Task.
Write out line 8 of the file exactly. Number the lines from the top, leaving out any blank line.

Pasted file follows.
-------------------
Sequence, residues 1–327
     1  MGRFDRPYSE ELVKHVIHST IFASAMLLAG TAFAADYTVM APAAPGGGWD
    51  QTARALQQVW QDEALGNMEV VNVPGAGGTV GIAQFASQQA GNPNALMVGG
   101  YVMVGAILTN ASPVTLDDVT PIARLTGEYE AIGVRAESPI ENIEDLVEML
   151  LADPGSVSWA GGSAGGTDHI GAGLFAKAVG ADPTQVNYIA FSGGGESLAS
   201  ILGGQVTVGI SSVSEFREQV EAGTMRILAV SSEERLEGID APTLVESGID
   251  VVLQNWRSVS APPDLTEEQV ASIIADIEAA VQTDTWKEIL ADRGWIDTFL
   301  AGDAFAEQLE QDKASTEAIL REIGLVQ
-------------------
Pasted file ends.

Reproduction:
   301  AGDAFAEQLE QDKASTEAIL REIGLVQ